Yesterday, PC Gamer ran an article about the term PC Master Race. I am not going to link you to that article because If I have to be completely honest, I do not want to give them any links from my site. Not even an archived one. You are free to go to their site or load up a cached version on your own leisure, but instead I implore you to read this piece on TechRaptor about it, taking in opinions from the staff.
I’ll go further in depth about it a bit later on.
Before that, in case you are reading this:
I feel sorry for you, Tyler Wilde.
I know chances are pretty slim you are reading this, but I really do. I don’t know where things became the way they did for you, but somehow you ended up in a job you are most certainly not qualified for, writing for an audience you don’t understand, covering something you have a hard time appreciating. That must be hard on a young guy like you, so just keep in mind that everything following in this blog post is said not out of spite or anger, but in a feeling of tough lough.
I want you to do better than this. I want you to feel happier about both the material you present, but also the audience you present it to. I want you to gain some basic confidence in yourself and feel good about things again.
— Remy van Ruiten
Fuck Tyler Wilde. Seriously.
It seems to be downright impossible for journalists to not find something to be outraged about. Making trivial posts whining about political ideologies they barely understand is one thing, and it’s a thing that happens all too frequently, but taking a seven-year old joke from a viral video series seriously and getting your panties up in a twist over it is downright absurd. Just by doing basic research, which in this case is watching less than a minute of a six minute long video and it’s clear what the PC Master Race refers to.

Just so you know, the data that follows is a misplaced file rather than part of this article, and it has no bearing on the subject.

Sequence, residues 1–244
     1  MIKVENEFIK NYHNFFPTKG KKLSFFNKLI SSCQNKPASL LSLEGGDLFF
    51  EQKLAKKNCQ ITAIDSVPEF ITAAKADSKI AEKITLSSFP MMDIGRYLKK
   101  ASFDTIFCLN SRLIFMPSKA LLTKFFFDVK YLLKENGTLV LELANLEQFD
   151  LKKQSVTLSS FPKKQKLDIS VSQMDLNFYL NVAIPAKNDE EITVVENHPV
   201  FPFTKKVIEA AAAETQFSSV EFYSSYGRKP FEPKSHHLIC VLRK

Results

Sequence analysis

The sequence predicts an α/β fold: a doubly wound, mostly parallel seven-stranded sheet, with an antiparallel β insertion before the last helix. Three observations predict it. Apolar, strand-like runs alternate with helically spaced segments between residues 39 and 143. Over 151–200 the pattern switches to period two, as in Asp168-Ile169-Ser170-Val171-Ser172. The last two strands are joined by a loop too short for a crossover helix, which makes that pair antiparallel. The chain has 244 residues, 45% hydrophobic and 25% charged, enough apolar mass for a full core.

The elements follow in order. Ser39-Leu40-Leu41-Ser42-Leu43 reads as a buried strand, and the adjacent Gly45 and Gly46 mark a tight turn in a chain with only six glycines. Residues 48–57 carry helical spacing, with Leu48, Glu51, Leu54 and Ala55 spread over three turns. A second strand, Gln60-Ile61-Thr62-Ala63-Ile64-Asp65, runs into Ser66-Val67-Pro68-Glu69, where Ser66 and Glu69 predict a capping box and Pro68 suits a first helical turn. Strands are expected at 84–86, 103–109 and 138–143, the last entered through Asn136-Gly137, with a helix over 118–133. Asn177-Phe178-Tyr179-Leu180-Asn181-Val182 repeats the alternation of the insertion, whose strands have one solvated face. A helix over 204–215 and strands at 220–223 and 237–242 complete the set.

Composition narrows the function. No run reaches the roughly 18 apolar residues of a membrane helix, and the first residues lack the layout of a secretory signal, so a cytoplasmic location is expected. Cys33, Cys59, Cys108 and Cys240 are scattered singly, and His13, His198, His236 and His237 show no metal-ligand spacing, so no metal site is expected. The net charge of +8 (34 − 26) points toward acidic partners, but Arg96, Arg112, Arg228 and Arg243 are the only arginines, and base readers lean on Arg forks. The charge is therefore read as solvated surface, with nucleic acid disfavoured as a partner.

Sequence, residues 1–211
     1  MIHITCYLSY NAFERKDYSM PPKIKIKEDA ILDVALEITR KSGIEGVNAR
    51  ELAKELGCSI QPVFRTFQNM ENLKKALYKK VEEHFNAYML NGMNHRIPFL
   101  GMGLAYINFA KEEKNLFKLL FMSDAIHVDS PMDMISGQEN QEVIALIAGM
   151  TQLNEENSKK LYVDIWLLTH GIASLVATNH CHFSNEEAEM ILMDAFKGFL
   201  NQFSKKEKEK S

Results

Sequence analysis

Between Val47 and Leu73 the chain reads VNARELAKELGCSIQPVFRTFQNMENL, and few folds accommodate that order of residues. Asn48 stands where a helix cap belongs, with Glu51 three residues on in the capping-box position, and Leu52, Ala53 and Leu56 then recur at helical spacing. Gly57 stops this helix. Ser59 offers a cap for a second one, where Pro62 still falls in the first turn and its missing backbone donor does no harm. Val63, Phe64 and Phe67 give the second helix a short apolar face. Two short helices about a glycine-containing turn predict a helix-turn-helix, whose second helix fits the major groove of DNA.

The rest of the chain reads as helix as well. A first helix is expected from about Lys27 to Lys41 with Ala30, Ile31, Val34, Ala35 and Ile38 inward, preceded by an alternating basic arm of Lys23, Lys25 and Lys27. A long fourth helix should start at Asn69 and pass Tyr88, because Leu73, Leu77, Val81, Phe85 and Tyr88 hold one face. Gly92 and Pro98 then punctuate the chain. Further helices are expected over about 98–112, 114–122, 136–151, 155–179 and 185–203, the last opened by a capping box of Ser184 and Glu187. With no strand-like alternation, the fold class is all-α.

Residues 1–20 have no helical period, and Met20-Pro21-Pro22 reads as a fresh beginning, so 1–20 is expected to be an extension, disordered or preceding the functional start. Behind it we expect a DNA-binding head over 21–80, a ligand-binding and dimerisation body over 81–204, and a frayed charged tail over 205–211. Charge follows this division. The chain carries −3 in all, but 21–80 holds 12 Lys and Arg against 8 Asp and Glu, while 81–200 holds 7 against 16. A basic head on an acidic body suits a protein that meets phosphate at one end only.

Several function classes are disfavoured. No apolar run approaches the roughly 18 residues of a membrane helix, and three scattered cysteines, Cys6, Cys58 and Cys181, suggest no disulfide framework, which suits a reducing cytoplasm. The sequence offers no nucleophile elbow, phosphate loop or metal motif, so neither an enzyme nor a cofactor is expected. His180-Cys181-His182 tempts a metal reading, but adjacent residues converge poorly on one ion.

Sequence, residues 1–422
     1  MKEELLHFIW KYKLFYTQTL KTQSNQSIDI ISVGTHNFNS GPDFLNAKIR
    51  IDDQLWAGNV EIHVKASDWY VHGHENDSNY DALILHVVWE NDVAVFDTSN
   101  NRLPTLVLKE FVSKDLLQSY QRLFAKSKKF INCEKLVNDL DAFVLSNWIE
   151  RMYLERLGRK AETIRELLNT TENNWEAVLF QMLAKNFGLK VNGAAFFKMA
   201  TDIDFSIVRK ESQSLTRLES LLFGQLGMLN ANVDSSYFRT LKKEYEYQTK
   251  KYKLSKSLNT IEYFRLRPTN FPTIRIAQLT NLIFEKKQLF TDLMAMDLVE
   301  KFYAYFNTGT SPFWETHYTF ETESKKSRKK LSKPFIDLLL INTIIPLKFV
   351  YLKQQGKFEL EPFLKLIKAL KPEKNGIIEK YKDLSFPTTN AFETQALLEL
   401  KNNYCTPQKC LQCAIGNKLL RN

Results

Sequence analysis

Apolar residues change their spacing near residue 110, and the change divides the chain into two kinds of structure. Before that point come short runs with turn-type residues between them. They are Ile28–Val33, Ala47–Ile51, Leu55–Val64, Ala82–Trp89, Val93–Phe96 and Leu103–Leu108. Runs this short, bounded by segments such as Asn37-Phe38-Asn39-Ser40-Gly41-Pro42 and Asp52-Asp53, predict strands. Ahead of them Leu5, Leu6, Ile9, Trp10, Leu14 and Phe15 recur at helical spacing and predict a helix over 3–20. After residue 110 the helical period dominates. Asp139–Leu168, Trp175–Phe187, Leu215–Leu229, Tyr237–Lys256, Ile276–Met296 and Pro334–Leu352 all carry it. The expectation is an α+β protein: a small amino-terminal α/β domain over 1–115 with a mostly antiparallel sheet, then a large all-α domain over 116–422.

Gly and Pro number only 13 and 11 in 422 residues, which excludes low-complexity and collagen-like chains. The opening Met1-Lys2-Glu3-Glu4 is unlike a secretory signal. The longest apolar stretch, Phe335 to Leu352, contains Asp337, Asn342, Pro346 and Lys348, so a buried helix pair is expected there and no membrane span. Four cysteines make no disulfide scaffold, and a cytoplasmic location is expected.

PC Master Race is a joke. It was an insult in a comedic video series that wasn’t trying to be taken seriousy to begin with, and one that actual PC gamers appreciated enough to make their own, ironically using the phrase to describe themselves. I seriously wonder how our Lord and Savior Gabe Newell feels about anyone taking that seriously.
That was a joke by the way. If you got that, congratulations! You are more in tune with gamers, their sense of humor, and the culture surrounding it to be a media representative than Tyler Wilde!
So why is there so much outrage about something so minor? It’s just a joke, right? So what if someone overstepped himself and took it too seriously? Where’s the problem with that?
Easy. It’s another sign that the same group of people who repeatedly drag the gamer identity through the mud, the same people who are supposed to not only represent gamers in our media, but also inform us, gamers, about our choices as consumers, are absolutely not in touch with gamers in any way whatsoever. Which is incredibly disheartening, because the PC Master Race meme has been one that’s endured longer than most memes, as it not only strikes to the core of both sides of the PC gaming scale, Console Peasant or PC Master Race, we both get that it’s all a big joke, nothing to be taken at face value. But it also makes light of the absurdity of console wars and platform superiority.
But no, strong language is scary because reasons.